As we recognize National Critical Infrastructure Security and Resilience Month, the RE-ISAC thanks the women and men throughout the commercial facilities sector who work tirelessly each day – at their facilities, with their partners, and with the RE-ISAC – to help foster a safe and secure environment so all of us can continue to enjoy our local communities,  America’s beautiful cities and all the many places we live, shop, work and play – secured by the professionals of the commercial facilities sector.

To learn more about participating in the RE-ISAC, please go to www.reisac.com.

 

Andy Jabbour leads Gate 15, which provides analytical and preparedness support to the RE-ISAC.

The views expressed here are the writer’s and are not necessarily endorsed by Homeland Security Today, which welcomes a broad range of viewpoints in support of securing our homeland. To submit a piece for consideration, email HSTodayMag@gtscoalition.com. Our editorial guidelines can be found here.

[1] PDD-63 would later be updated by Homeland Security Presidential Directive 7, “Critical Infrastructure Identification, Prioritization, and Protection”, signed 17 December 2003, and Presidential Policy Directive 21, “Critical Infrastructure Security and Resilience,” dated 12 February 2013.
[2] A computer virus engineered to sabotage industrial control systems [ICS].
[3] Such as demonstrated in a story coming from Germany, where physical protests were held as a cyberattack – in that case a DDoS – was also conducted.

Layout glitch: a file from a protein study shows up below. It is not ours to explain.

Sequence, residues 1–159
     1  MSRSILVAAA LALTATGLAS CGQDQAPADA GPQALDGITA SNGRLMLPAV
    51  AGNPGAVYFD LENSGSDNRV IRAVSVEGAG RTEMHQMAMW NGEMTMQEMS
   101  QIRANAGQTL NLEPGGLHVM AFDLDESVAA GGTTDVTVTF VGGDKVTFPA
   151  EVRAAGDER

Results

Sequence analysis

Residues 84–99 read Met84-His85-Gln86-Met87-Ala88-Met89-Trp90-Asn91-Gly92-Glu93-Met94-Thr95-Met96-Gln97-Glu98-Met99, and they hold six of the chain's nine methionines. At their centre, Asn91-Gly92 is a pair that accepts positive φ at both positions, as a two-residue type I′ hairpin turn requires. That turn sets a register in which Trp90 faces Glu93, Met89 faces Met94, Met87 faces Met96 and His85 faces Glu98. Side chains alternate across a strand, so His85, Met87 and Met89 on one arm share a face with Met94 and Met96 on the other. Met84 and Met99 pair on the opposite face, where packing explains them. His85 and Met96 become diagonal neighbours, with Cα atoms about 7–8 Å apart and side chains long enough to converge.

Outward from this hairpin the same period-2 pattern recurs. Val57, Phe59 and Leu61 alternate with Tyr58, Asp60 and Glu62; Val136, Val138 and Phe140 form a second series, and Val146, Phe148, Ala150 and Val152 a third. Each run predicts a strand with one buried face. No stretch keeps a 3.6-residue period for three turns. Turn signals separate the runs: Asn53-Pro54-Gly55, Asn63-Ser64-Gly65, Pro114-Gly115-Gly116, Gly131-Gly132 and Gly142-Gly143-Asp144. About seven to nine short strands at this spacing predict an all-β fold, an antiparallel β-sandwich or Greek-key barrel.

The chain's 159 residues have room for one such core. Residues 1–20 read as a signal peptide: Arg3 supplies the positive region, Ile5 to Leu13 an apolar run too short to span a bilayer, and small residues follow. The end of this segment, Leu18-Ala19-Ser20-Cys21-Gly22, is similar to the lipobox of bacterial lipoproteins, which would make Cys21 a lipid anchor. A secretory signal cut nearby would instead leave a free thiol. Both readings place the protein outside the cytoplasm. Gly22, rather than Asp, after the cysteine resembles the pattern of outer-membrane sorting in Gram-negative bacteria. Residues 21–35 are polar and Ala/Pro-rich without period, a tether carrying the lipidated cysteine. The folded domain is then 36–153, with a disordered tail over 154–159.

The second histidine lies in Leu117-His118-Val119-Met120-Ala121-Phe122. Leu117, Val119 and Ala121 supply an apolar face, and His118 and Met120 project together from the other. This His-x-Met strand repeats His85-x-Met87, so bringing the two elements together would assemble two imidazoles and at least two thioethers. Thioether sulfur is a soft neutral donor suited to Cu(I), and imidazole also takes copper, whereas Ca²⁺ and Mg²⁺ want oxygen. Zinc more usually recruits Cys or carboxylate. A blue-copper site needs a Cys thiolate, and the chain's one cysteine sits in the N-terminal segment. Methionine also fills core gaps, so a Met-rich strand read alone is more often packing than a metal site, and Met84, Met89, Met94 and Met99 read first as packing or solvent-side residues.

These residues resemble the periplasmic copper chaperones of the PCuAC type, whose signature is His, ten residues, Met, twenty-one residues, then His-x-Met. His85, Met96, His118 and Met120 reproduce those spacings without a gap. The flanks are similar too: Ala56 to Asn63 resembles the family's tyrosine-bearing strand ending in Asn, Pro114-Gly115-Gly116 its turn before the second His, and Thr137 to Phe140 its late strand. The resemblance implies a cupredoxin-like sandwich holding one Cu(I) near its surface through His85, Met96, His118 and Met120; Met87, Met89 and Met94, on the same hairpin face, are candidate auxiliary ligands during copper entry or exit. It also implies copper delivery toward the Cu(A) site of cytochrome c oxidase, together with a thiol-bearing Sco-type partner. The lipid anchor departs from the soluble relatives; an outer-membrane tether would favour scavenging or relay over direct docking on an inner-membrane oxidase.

Clifton E. (Chip) Rodgers, Jr. has successfully represented commercial real estate’s stake in the national policy arena on a broad range of legislative and regulatory issues for over two decades, serving as the principal strategist and advocate on a broad range of federal legislative and regulatory issues – financial services, homeland security, risk management, energy, environment, tax and trade¬ – representing the leadership of the nation’s top private and publicly-held real estate ownership, investment, lending and management firms, as well as the elected leaders of the 17 national real estate industry trade associations. Rodgers coordinates the Roundtable’s Real Estate Capital Policy Advisory Committee and works extensively on various legislative and regulatory measures affecting credit capacity and capital formation. Since 9/11, he has worked extensively on terrorism risk management and mitigation issues, playing a leading role in the enactment of the Terrorism Risk Insurance Act (TRIA) and its subsequent extensions. Rodgers coordinates the organization’s Homeland Security Task Force and serves as Executive Director of the Real Estate Information Sharing and Analysis Center (RE-ISAC) – the commercial facilities sector’s primary information sharing conduit to counter threats and protect facilities from terrorism, cyber and natural hazards. Rodgers served as a Senior Fellow of George Washington University’s Center for Cyber & Homeland Security (CCHS) and the Preparedness and Infrastructure Resilience Task Force from 2015 through 2017. From 2004 to 2016, Rodgers served on the Board of Directors, the Compliance and Personnel and Compensation Committees and chaired the Audit Committee of The Bank of Georgetown – a $1.3 billion bank based in Washington DC. Rodgers was appointed by President George W. Bush to serve as an Industry Trade Advisor to the Office of the U.S. Trade Representative to help formulate U.S. trade policy and aid the Administration in advancing its trade agenda to improve economic opportunities for American businesses. Rodgers also served as an adjunct professor at Georgetown University’s McDonough School of Business, the Editorial Board of BNA’s Real Estate Law & Industry Report, the RAND Corporation’s Center for Terrorism Risk Management Policy Board, as well as a number of other civic and educational boards. Rodgers was also appointed by President George H. W. Bush to direct the U.S. Treasury Department’s office of business liaison, where he focused on a broad range of tax, trade and credit issues affecting America’s business and financial services sectors.